The M’s did manage a comeback. A run here, a run there, then a two-run homer by Dustin Ackley—a no-doubt, line shot into the right field bleachers. But otherwise we couldn’t capitalize. In the 4th, we got Brad Miller on second with one out and couldn’t bring him in. In the 5th, we got Nelson Cruz on second with out one and couldn’t bring him in. In the 6th, Miller was on third with one out. Bupkis. In the 7th, Cruz, second, nada. Chris Taylor, pinch-running for Cruz in the 9th, got to that very well-worn second base with two outs and stood there as Mark Trumbo struck out swinging and the M's lost 5-4. “Today’s attendance...”
The two games are a study in contrasts. In the ’95 game, eight of our nine starters were hitting over .260, six had OBPs north of .330, while three were slugging over .500—with one (Edgar) slugging over .600. And all this without the superstar, Junior, in the lineup.
Today? Only one starter was hitting above .260 (Cruz, at .300), only two had OBPs over .330 (Cruz and Seth Smith), and only one was slugging over .500 (yes, Cruz). Our starting first baseman was hitting below .200 (although he had a good day: 3-5) while our starting catcher, Jesus Sucre, was hitting below .100. To be precise, he was hitting .040. That's right. He was 1 for 25 going into the game, and damn if he nearly got a hit his first time up, but the scorer went against him. E-3. I was bummed. In a way that was the big excitement of the game for me. I should've shaken a fist at the official scorer.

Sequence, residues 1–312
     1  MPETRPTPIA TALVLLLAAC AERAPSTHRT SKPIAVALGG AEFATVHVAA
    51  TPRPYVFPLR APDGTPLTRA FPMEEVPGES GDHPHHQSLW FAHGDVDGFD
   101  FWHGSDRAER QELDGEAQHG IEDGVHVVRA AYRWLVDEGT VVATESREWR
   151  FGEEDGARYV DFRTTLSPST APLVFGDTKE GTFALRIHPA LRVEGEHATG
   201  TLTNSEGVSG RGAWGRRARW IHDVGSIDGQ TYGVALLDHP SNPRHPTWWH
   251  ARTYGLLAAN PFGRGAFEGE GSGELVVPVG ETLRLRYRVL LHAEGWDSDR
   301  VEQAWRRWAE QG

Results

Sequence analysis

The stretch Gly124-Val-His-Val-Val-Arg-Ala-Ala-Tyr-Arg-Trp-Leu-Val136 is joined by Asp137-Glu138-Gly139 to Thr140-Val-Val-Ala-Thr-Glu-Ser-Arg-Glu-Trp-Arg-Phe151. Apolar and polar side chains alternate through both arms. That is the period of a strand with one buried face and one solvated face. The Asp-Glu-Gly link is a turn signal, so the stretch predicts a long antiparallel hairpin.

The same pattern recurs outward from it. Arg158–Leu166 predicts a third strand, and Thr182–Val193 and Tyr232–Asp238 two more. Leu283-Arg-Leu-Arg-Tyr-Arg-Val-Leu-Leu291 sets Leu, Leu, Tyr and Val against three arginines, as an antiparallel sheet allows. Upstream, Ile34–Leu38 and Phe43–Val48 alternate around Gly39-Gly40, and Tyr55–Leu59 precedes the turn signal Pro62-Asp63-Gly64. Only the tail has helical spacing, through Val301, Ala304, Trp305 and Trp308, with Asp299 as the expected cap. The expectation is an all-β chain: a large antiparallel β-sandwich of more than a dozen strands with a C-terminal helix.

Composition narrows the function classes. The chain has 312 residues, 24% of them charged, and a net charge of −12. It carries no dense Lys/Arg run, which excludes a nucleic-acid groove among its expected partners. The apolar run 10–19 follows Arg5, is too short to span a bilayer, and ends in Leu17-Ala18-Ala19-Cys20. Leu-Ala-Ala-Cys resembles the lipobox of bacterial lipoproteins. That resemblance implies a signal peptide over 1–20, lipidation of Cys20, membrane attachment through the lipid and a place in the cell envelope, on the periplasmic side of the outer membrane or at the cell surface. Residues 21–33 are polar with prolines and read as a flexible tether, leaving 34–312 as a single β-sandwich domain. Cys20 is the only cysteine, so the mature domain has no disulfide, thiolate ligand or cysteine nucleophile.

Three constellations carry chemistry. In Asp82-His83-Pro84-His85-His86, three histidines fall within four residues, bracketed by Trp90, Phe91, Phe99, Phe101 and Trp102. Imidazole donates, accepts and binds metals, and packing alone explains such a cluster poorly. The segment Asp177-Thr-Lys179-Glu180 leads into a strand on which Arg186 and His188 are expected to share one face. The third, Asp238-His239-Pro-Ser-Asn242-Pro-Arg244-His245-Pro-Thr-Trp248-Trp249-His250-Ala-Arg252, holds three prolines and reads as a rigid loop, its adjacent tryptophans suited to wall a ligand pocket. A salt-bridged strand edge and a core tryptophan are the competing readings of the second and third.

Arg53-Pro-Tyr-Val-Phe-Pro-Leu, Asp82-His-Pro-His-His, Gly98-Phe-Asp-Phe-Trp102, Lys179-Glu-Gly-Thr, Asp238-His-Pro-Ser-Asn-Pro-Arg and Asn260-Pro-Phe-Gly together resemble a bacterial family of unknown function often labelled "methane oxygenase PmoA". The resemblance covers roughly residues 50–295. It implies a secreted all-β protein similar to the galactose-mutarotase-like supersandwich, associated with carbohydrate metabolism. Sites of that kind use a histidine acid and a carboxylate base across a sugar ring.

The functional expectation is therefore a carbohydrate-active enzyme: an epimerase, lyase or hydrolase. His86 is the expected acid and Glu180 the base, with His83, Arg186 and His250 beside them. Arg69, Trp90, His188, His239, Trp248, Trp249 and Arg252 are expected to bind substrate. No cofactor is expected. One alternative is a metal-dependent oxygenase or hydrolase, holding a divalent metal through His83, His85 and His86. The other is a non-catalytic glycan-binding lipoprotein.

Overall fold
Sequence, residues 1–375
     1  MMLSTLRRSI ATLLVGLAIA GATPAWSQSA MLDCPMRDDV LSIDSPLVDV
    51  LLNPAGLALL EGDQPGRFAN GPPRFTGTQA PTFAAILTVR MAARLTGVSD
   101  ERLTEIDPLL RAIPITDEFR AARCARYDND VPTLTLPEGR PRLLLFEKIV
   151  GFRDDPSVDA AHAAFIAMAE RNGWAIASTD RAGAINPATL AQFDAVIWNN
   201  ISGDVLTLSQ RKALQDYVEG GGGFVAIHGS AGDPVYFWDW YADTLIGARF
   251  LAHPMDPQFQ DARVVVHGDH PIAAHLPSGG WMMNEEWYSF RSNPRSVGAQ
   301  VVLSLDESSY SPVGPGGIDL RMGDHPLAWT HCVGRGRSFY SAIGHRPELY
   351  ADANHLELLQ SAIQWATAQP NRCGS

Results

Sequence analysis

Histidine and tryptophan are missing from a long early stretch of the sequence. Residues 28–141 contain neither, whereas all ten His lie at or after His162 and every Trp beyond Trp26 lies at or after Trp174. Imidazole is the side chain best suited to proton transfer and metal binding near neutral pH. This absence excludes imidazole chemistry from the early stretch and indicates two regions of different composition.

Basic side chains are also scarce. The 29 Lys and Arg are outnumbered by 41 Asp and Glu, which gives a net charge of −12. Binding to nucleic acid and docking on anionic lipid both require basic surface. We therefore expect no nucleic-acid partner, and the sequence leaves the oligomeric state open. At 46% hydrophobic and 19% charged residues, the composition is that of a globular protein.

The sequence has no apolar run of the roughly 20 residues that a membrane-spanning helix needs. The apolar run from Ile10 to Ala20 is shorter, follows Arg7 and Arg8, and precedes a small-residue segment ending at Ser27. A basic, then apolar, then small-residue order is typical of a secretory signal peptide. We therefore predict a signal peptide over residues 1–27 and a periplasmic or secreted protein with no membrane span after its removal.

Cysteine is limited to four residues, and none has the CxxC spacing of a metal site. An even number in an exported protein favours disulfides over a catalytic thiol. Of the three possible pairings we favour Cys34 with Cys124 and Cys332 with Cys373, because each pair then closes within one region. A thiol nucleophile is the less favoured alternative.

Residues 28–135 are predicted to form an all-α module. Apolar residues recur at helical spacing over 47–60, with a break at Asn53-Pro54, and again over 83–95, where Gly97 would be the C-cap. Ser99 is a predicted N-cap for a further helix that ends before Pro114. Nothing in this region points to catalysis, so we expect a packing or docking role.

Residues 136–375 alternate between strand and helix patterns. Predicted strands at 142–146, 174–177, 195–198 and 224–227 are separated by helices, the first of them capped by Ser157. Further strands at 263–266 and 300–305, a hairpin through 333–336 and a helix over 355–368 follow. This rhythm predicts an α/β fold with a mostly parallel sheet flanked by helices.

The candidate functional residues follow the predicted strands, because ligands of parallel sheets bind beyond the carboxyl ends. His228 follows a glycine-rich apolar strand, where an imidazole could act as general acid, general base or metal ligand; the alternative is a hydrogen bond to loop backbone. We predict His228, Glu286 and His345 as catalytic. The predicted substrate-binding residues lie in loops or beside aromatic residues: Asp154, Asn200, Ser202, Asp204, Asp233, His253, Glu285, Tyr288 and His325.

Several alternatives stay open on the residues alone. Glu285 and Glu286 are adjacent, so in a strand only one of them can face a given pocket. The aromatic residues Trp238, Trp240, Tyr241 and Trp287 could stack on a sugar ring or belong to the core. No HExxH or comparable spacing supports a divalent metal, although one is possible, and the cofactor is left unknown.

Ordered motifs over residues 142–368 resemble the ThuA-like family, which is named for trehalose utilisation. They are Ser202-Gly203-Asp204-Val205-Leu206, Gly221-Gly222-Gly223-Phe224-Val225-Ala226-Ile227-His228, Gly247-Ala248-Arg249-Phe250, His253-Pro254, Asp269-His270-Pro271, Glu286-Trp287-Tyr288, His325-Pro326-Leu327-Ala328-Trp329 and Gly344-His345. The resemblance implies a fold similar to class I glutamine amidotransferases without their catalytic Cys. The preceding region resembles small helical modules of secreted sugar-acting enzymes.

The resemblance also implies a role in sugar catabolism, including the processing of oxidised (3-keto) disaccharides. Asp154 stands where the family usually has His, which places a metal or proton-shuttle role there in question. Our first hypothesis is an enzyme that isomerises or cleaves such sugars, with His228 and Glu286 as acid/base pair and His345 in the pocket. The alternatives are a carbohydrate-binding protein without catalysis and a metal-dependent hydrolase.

The real excitement of the game belonged to the Tigers. Marte, their replacement first baseman for injured Miguel Cabrera, not only doubled but homered in his first Major League start. Imagine rooting for a team like that. With possibilities.
Maybe I'm projecting.
Why Is Robinson Cano Slumping? Because He's Got What I Got
It's been a hot year in Seattle but a cold one for the Seattle Mariners.